Worm attacking WordPress. (IMG: WordPress.org)
If you followed the news over the Labor Day weekend, you likely know that there is a Worm targeting WordPress installations. On Saturday, Matt Mullenweg wrote a great blog post on WordPress security. Considering WordPress is arguably the most popular blogging software on the planet, the subject is worth discussing.
Mullenweg’s post started by warning everyone that the news and rumor about a WordPress Worm circulating online was legit. There is a Worm, and it moves silently taking advantage of one critical flaw on WordPress driven sites. The critical flaw is not the WordPress code itself. The flaw is the site operator who has either abandoned the domain and left the blog dormant, or the site operator who never updates the installation.
The Worm is an automated attack that hunts down outdated WordPress installations and targets various aspects of the software. For the RSS side of the installation, the attacker will hit WordPress’ XMLRPC script, the Permalink and trackback functions, and other items. If the attack is successful, then you can expect to see a newly created admin user account that is hidden, as well as a slew of Spam on older posts. This new admin account and Spam are just the start, as the Worm will also use your older posts to serve Malware to anyone who visits your site.
The Worm is a little lax when it comes to covering its tracks, which is how it was discovered in the first place. Site administrators who noticed the attacks all had a common clue, EVAL code discovered in the permalinks and RSS feeds (“eval(base64_decode”). A decent overview of the attack is here if you want the gory details.
“The tactics are new, but the strategy is not,” Mullenweg wrote. “Where worms of old would do childish things like defacing your site, the new ones are silent and invisible, so you only notice them when they screw up (as this one did) or your site gets removed from Google for having Spam and Malware on it.”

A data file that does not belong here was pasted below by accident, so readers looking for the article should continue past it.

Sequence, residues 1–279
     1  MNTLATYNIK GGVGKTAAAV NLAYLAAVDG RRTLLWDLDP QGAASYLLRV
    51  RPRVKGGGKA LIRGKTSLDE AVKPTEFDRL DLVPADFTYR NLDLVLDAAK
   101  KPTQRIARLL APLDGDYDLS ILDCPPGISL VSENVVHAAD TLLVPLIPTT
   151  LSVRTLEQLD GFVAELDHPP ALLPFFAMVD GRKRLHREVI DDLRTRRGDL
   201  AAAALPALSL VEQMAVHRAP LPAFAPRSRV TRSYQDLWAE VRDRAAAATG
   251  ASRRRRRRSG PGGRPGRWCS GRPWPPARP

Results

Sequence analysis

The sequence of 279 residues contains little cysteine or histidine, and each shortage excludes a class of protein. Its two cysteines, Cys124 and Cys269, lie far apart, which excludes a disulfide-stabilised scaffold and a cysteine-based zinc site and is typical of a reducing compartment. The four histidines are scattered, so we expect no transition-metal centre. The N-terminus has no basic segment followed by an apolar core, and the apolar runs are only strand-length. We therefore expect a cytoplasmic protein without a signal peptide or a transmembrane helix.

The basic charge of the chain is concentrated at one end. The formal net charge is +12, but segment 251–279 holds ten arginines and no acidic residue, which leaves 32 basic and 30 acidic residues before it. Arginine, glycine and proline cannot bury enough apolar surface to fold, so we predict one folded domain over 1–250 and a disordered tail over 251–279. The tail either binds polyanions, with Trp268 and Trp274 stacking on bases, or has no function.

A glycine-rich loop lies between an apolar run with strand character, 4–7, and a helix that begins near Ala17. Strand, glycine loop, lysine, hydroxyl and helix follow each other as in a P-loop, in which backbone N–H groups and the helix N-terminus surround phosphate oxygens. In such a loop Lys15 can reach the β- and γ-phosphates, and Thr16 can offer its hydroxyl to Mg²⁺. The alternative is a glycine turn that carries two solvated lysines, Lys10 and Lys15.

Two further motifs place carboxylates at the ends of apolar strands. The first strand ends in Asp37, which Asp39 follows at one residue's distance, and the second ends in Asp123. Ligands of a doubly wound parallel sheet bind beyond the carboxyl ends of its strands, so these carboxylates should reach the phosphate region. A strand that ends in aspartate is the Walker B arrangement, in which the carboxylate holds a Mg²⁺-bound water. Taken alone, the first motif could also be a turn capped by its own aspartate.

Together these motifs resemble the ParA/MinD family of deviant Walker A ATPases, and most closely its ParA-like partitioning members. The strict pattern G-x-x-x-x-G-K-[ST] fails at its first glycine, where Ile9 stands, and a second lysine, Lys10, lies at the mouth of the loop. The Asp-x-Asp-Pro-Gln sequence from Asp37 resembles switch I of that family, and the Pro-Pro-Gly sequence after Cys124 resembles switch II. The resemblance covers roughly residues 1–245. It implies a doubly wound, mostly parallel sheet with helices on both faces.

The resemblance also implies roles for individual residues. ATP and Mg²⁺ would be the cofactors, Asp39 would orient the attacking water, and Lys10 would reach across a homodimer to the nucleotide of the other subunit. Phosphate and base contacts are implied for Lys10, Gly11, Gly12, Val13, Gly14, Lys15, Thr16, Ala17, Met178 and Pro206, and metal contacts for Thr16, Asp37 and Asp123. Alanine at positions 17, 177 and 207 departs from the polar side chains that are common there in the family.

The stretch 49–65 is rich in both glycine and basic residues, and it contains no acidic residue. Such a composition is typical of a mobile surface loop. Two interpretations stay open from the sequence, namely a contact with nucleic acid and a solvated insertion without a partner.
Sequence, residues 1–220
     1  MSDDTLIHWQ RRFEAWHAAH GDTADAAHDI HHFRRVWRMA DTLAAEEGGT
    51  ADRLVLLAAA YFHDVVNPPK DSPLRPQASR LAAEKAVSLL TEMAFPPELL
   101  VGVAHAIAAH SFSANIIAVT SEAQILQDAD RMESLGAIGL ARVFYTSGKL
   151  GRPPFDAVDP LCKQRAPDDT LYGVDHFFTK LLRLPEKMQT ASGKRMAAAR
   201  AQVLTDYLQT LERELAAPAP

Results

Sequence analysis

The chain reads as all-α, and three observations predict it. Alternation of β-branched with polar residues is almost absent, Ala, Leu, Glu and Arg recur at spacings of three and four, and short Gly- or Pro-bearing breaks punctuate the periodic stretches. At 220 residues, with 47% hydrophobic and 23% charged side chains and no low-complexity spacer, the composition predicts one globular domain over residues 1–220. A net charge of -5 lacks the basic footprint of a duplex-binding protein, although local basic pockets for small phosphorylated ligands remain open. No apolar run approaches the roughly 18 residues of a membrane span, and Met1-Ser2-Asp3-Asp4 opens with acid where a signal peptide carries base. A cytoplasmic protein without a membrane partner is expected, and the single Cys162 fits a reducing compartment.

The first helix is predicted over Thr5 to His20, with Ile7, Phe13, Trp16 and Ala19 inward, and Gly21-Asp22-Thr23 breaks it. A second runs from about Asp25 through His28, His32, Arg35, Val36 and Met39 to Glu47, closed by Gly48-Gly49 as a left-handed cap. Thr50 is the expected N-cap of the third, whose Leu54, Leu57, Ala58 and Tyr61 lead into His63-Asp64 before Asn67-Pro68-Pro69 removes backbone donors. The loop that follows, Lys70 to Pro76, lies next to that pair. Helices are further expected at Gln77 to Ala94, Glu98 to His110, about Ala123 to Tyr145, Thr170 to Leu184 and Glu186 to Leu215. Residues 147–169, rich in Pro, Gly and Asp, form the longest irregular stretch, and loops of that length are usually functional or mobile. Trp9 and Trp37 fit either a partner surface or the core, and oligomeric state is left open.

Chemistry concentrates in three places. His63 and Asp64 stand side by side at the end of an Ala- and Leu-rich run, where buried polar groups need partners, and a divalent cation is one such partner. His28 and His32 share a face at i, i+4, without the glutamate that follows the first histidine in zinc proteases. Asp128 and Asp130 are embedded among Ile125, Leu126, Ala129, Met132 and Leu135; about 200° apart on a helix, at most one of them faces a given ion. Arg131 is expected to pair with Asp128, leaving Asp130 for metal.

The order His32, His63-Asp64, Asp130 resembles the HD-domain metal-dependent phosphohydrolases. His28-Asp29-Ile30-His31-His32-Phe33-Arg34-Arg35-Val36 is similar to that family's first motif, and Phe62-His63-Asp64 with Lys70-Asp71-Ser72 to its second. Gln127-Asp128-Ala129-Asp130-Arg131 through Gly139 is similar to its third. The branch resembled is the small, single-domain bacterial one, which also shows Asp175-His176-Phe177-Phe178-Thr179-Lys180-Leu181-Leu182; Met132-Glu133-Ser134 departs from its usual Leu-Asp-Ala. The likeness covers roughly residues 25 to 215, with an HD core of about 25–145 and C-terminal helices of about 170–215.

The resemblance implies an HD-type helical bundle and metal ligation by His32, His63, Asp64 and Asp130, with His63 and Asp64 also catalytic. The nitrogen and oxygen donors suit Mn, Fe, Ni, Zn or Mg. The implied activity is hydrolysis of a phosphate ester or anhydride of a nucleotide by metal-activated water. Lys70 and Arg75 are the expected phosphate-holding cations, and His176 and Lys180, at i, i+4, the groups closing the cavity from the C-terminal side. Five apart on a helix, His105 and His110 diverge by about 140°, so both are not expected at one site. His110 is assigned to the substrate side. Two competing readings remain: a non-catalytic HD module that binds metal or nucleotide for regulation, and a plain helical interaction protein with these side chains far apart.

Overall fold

A story like this can easily spin itself out of control. All the elements of headline grabbing news are there. It would not be surprising to see of news items warning that a Worm attacking WordPress means millions of potential victims and the Internet is sure to crumble. Sometimes the news can be easily sensationalized. At the same time, some interesting information springs to mind when we consider the impact and resolution to the WordPress Worm issue.
Earlier this year, The New York Times reported on a 2008 survey by Technorati ( a blog search engine and index), which said that only 7.4 million of the 133 million blogs online that Technorati tracks showed activity within a 120-day timeframe. The Times added that those figures amount to about 95-percent of blogs simply sitting dormant online.
Richard Jalichandra, the chief executive of Technorati told the Times that while 7 to 10 million blogs are active on the Internet, only 500,000 of them generate the most page views.